LAS VEGAS — While the focus of the third and final debate in Las Vegas will undoubtedly be Hillary Clinton and Donald Trump, the most satisfied person won't be on the debate stage. Instead, he'll be watching on the sidelines and out of the spotlight, perhaps reminiscing about what has come of the once sleepy, backward state of Nevada.
As Democratic Senator Harry Reid is set to retire his political career at the end of the year, the presidential debate in Las Vegas is the perfect culmination of a career focused on making Nevada relevant in national politics — and really making the rest of the country care about a state that most don't know how to pronounce.
When Reid entered Congress nearly 34 years ago, Nevada had a population of less than one million people and was still considered a cowboy state with little to offer but the legality of immorality — prostitution and gambling.
But Reid, a quiet but dogged worker and dealmaker, who grew up a scrappy boxer in a shack in the dirt road town of Searchlight, understood that an irrelevant state would get no respect until people were forced to pay attention to it.
He rose through the ranks in the Senate and sat on the powerful Appropriations Committee, giving Nevada an infusion of cash to enhance its community colleges and universities, expand its airports and expressways, and protect its coveted gaming industry and the state from a nuclear waste storage site called Yucca Mountain. Believing that they have brought prosperity to the state, Reid has been a staunch defender of Congressional earmarks.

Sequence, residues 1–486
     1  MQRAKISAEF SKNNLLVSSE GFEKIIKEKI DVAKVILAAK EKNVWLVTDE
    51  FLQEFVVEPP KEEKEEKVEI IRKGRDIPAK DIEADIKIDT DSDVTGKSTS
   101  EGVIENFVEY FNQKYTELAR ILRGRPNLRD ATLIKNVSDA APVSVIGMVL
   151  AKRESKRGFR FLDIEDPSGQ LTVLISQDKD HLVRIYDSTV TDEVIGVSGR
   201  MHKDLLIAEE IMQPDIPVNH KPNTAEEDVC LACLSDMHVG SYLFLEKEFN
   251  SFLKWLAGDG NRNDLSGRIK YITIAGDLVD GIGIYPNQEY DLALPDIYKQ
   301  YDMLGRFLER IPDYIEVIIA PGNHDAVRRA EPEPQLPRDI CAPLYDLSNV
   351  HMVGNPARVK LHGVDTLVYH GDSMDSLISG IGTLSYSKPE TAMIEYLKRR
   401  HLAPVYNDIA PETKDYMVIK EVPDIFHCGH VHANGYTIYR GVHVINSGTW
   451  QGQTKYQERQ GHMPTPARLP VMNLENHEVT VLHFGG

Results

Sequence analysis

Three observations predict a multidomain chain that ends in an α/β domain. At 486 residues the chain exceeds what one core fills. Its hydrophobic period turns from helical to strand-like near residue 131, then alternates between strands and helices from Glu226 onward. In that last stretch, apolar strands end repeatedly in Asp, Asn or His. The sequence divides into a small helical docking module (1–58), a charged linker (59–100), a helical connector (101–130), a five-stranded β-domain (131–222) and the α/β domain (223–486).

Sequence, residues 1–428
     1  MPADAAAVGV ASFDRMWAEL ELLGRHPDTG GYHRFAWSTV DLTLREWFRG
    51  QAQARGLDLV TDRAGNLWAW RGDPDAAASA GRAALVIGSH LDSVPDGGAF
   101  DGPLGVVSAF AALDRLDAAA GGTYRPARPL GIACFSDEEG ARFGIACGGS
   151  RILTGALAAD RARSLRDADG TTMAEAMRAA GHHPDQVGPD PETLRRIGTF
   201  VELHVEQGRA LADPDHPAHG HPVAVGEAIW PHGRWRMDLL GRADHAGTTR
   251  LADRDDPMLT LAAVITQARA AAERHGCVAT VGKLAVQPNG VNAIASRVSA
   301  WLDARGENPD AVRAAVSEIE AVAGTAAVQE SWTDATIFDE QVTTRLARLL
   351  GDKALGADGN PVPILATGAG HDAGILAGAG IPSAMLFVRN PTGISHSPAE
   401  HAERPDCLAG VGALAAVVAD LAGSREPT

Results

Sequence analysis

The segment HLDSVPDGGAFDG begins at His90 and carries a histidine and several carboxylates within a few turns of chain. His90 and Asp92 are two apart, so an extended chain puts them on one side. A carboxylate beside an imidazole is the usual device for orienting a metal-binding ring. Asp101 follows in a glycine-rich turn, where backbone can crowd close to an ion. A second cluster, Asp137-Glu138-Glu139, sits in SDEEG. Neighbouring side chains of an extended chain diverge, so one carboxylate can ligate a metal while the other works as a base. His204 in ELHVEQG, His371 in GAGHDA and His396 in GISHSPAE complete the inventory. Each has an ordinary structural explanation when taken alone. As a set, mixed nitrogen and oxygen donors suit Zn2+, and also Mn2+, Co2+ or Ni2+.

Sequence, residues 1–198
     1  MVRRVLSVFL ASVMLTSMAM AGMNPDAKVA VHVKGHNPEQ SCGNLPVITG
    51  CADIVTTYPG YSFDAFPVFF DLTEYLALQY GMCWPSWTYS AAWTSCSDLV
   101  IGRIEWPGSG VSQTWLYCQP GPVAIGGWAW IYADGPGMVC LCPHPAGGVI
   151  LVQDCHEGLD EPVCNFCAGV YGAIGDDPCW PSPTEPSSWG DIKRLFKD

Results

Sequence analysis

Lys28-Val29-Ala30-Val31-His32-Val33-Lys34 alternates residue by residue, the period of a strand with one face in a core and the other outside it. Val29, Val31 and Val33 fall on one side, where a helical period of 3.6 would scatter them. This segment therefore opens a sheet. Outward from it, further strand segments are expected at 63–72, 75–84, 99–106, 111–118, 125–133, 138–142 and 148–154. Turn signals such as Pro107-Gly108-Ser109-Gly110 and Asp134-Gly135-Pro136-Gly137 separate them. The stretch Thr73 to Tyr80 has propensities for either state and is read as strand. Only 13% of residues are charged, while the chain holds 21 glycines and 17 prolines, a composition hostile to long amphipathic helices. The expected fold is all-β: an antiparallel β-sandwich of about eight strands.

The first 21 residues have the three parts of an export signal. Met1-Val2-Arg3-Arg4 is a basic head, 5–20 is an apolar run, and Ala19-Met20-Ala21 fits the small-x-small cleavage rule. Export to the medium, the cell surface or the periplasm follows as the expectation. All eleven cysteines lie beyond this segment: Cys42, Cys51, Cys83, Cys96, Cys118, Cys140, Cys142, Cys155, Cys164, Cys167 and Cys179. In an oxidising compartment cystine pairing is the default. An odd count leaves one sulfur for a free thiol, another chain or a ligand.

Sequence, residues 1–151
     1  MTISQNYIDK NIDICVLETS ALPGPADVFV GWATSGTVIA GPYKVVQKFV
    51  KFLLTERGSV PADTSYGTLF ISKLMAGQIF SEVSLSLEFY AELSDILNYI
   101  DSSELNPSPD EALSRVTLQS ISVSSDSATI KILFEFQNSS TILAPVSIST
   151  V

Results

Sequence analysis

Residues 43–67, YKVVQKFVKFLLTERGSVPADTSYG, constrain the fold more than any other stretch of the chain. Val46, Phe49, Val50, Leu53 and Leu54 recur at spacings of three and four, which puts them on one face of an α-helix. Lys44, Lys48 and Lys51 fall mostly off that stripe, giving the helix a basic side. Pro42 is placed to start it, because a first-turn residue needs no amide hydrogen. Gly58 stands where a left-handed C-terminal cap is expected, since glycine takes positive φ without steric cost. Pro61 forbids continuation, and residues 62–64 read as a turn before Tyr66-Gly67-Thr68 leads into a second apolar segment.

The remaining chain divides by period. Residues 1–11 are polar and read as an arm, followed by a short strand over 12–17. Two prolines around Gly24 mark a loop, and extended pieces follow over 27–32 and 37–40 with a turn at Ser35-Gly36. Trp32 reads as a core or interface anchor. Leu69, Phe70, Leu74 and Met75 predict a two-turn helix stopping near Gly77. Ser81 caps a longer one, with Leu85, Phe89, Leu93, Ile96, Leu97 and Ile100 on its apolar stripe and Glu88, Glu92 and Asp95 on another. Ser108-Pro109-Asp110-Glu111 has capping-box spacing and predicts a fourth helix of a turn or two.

He became the second highest ranking Democrat in the Senate and then the highest ranking in 2004, when then-Senate Democratic Leader Tom Daschle lost his reelection bid.
That's when Reid's quest to put Nevada on the national political map accelerated.
With its cheap land, an influx of Californians came looking for a lower cost of living, and decent paying blue-collar job brought in workers from around the country, making Las Vegas among the fastest growing cities in the country nearly every year since the mid 1980s. A population explosion highlighted by the massive expansion of Hispanics, Reid correctly predicted that the traditionally Republican state would soon become a battleground.
He spent years building the state's Democratic Party. Reid "turned the state party into a legalized money laundering machine," veteran Nevada political reporter Jon Ralston noted. In other words, with his tremendous ability to fundraise, Reid also built political clout.
Using his perch as Senate Majority Leader, he convinced the Democratic National Committee to move Nevada's primary date to one of the first four, arguing that Iowa, New Hampshire and South Carolina didn't represent the West and the growing Latino population.
"We have thus been important in presidential politics ever since. Candidates have paid attention ever since," Ralston said.
And in 2008, he took full advantage of the epic and fierce primary battle between then-Sens. Hillary Clinton and Barack Obama. He capitalized on Democratic enthusiasm and made a massive push for voter registrations, even implementing a caucus instead of a primary election, which increased Democratic voter registration. In 2008 Democrats outnumbered registered Republicans by 100,000, more than at any time previously.
For his fight, however, Reid has suffered politically. He has never been hugely popular in this politically moderate state. Each of his elections was close, and Reid's approval hit a low in 2010 when the tea party wave pushed Democrats out of office. But Reid was lucky. He was running against a political neophyte, Sharron Angle, and the machine he had worked so hard to build was there to see him through.
Nevada, Las Vegas especially, has spent the past eight years experiencing and recovering from the Great Recession, but this cowboy state is now part cowboy (rural), part multicultural (urban), part worker (suburban) and part glamour (destination). It's also a battleground.
Nevada's six electoral votes are currently leaning Clinton, but this bellwether that often sides with the winner is not what Reid had in mind. He envisioned a Nevada as blue as the state flag.
It's only fitting that in Reid's final months in office, the biggest political stage is in his backyard, giving him the send off only a fiercely determined political operative could be proud of.